Finally, if you are serious about introspection, you can evaluate your attitudes. Project Implicit has an online instrument for evaluating the hidden stereotypes and bias that we don’t really think about consciously. Examining implicit associations can be an important step in self-awareness and improving the work environment.

DEI is about social justice, to be sure, but it is also about making the workplace as welcoming as possible. And as any good coach will tell you it’s important to have breadth as well as depth on your team’s bench. Something everyone seems to be struggling with these days.

Further reading:

Atcheson, Sheree. “Diversity and Inclusion Are The Differentiators You Need to Beat the Great Resignation.” Forbes, November 17, 2021.

Cook, Ian. “Who Is Driving the Great Resignation?” Harvard Business Review, September 15, 2021.

Langer, Arthur. “The Great Resignation is a Chance to Get Serious About Diversity.” Entrepreneur, November 03, 2021.

Leonhardt, Megan. “The Great Resignation is Hitting These Industries Hardest.” Fortune, November 16, 2021.

Ricker, Mary Cathryn, and Larry Cohen. “Strikesgiving.” Shanker Blog, November 05, 2021.

Rosalsky, Greg. “Why Are So Many Americans Quitting Their Jobs?” NPR, Planet Money Newsletter, October 19, 2021.

Woods, Arthur. “The Great Resignation Doesn’t Have to Threaten Your DE&I Efforts.” Harvard Business Review, September 1, 2021.

Meditation in the Academic Library

November 15, 2021

As libraries become about space just as much as they are about research, many academic libraries are searching for ways to best serve their students through programming within both physical and virtual spaces. Since the library is historically known for offering quiet and peace to stressed students, it is no wonder that there has been a growing interest in meditation in the library. Short, guided meditation sessions within the library offer students a break from the hustle of their daily routines, and it offers librarians a chance to connect with the student body and recommend further resources for mindfulness, be they books, articles, or campus mental health services.  

At the Wolfgram Memorial Library of Widener University, our librarians have offered both in-person and virtual meditation sessions in the past. Our physical meditation sessions (hosted before COVID-19 restrictions) took place in one of our open meeting rooms where many students could enjoy the meditation session without feeling crammed or distracted by other students coming and going from the library. Virtual sessions have been streamed through social media platforms like Facebook Live where students could sit with others while in the privacy of their own homes.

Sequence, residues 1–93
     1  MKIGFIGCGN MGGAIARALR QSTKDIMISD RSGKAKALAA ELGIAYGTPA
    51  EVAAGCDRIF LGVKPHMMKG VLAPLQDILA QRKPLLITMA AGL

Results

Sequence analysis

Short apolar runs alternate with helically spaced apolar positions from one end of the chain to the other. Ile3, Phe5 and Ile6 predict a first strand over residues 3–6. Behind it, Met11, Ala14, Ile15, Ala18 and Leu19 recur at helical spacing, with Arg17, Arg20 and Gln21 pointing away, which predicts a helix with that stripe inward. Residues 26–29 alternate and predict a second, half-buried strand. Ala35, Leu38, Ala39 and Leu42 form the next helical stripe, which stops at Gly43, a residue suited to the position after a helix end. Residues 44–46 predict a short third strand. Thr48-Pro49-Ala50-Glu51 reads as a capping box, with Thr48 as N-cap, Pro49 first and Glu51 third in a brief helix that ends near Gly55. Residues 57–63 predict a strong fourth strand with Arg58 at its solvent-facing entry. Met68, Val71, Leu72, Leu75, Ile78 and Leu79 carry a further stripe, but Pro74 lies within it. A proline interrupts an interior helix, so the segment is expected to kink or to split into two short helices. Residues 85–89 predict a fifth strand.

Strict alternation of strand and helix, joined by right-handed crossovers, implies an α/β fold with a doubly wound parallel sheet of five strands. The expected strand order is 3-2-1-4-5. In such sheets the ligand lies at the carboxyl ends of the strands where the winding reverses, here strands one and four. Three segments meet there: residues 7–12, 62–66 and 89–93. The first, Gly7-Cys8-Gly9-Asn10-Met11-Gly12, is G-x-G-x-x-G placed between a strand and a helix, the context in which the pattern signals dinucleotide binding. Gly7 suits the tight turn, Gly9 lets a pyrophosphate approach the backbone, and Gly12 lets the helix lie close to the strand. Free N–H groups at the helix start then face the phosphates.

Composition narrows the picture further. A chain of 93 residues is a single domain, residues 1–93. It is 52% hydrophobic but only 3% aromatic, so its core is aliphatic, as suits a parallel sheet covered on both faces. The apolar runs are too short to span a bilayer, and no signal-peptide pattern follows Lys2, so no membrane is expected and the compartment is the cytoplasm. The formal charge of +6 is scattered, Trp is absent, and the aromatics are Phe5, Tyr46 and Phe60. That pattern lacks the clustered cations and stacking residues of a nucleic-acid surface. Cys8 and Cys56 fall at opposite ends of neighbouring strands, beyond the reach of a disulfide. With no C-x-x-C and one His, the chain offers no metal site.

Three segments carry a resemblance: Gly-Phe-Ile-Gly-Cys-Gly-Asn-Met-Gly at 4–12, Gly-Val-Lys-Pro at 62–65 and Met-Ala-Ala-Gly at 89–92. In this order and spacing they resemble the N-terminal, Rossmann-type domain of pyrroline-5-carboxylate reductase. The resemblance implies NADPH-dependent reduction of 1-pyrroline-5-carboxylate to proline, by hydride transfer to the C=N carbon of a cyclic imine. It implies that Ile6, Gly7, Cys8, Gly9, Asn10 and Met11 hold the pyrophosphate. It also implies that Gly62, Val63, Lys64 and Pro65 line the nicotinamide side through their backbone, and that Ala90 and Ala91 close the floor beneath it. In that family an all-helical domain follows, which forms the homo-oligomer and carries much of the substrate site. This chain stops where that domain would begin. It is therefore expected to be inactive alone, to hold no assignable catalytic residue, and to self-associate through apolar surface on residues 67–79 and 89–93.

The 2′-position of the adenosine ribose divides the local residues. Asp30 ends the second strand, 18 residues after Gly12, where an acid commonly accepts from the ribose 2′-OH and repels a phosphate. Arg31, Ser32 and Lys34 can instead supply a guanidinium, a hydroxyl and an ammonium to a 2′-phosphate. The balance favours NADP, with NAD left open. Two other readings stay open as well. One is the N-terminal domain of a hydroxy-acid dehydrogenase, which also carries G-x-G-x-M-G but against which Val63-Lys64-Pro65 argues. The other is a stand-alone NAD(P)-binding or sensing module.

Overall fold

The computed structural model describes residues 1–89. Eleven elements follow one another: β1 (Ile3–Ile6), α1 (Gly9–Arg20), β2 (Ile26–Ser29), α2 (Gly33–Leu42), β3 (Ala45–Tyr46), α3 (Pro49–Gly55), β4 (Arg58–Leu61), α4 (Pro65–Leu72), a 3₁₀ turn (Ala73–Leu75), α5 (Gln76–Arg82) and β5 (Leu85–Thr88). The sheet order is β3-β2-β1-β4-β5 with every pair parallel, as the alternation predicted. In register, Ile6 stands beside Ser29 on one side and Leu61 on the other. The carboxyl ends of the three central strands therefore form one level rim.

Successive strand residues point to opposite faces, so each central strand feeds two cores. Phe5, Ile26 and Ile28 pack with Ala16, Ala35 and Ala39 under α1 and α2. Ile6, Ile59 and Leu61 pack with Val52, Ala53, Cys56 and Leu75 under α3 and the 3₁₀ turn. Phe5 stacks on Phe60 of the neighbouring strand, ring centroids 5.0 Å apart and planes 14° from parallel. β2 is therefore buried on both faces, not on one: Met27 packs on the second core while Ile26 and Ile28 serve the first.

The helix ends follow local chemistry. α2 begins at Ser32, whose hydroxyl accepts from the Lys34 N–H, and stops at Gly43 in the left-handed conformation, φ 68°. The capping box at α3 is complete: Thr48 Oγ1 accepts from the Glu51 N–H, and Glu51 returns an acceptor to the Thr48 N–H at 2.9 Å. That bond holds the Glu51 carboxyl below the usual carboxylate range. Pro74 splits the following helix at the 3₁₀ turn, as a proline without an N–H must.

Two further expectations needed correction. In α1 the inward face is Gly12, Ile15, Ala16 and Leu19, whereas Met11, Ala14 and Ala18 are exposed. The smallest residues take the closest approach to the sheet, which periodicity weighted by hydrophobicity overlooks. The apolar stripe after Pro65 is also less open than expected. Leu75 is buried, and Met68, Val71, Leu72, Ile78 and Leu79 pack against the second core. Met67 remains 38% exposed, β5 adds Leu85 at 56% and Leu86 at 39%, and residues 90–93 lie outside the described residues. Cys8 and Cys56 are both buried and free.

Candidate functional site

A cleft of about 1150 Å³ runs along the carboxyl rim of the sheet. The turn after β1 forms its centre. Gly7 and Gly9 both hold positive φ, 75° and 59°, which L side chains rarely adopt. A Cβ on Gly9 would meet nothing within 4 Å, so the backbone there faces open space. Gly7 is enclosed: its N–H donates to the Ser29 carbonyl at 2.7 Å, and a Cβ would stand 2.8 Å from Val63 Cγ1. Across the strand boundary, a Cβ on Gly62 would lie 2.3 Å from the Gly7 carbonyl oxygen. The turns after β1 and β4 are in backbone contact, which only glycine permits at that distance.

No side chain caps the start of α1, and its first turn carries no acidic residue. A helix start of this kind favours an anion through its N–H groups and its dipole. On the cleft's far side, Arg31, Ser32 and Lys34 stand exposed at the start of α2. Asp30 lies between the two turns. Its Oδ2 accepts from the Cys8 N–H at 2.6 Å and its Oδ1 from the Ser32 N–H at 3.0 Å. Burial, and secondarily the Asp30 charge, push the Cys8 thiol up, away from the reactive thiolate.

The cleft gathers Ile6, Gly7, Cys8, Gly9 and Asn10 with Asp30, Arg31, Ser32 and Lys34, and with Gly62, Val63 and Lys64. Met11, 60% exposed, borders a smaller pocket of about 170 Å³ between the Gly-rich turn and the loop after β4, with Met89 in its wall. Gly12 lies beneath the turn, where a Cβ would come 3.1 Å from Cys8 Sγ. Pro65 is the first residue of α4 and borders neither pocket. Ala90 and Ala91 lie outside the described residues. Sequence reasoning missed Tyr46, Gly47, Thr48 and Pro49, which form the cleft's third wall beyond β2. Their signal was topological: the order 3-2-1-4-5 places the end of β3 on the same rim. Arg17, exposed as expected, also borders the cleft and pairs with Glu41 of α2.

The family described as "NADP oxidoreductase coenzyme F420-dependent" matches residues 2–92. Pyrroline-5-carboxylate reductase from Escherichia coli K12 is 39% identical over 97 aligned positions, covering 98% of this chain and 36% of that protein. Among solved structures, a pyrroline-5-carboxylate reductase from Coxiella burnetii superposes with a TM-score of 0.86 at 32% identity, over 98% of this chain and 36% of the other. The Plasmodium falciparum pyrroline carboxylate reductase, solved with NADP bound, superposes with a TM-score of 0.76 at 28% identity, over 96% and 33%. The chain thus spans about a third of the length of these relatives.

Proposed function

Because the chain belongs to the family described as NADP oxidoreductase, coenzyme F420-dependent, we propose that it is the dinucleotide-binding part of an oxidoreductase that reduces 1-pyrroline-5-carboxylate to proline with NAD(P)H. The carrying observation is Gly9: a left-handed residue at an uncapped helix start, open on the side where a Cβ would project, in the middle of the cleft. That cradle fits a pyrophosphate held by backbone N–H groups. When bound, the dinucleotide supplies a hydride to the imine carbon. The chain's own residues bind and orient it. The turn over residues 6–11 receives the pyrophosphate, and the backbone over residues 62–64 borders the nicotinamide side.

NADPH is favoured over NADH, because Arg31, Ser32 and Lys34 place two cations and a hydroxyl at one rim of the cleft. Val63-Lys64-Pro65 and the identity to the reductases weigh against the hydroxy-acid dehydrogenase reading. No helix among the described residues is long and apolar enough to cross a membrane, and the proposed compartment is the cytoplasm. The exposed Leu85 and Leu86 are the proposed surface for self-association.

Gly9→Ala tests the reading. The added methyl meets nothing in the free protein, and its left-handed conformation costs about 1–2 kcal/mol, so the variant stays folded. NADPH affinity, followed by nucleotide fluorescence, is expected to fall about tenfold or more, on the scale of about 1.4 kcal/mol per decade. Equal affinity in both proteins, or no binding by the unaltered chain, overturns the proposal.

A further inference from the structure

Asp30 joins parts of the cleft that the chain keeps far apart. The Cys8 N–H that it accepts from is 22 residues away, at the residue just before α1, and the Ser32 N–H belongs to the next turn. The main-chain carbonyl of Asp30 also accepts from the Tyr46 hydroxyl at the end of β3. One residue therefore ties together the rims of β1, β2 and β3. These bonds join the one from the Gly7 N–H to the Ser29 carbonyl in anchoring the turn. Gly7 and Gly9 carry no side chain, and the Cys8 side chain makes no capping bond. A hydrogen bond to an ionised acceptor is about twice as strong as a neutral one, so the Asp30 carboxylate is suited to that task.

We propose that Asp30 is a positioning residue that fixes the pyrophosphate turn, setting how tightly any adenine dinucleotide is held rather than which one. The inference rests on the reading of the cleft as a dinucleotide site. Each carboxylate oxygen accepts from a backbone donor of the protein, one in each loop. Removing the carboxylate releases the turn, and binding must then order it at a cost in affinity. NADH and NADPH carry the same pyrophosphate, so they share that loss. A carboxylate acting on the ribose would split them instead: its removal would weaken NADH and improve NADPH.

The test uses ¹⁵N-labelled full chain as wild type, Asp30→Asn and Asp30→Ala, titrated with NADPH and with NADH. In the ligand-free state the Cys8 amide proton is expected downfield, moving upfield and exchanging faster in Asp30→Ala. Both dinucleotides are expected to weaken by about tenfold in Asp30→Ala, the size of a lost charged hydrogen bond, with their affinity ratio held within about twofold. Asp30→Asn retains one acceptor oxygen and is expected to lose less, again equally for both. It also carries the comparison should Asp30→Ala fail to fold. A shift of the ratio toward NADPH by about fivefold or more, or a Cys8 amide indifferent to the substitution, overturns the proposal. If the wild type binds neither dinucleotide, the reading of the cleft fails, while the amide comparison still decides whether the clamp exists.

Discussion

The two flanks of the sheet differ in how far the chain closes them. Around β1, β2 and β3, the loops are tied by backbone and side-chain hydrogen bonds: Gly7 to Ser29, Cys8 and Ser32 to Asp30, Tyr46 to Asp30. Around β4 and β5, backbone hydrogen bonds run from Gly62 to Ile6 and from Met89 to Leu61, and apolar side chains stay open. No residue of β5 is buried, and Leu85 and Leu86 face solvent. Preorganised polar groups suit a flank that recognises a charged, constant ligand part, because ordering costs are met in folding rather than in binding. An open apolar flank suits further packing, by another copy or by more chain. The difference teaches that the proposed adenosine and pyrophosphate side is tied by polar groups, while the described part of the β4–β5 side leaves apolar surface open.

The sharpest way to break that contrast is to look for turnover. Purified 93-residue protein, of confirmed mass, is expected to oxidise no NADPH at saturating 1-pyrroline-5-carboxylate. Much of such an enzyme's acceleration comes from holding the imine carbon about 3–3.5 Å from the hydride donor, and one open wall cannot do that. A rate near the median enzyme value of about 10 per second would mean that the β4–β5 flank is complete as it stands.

As a practicing Zen Buddhist and a library staff member, I am often interested in finding ways to help students destress and find a mindfulness and meditation practice that works best for them. Both time and space are real considerations, but knowledge is a big barrier to students accessing this mental health tool, too. Books and articles can give students theoretical knowledge of the practice, but the best way to learn how to meditate is by doing it. Apps like Insight Timer, Headspace, and Calm can offer an easy start to meditation. Still, nothing beats the guidance of another person when it comes to learning any new skill, and meditation is no different. 

Scheduling meditation sessions later in the semester when students are eager for a break can be very beneficial. 30-minute sessions scheduled around lunch time are long enough and flexible enough for students to get the hang of the practice and try it out for themselves. Longer sessions can seem intimidating to those who are new to meditation practice. Including other faculty members on campus who are skilled in meditation to assist with the program can also help spread awareness. 

To offer a meditation program at your academic library or to enhance your current program, consider the following questions: 

  1. What kinds of spaces do we have available for a meditation program? Are these spaces naturally quiet and peaceful or can they be temporarily adjusted to made so? 
  1. Who can we collaborate with on campus to assist with and promote a meditation session? Mental health services and student groups are a great place to start. 
  1. How much time can both students and librarians or library staff members dedicate to a mindfulness or meditation session?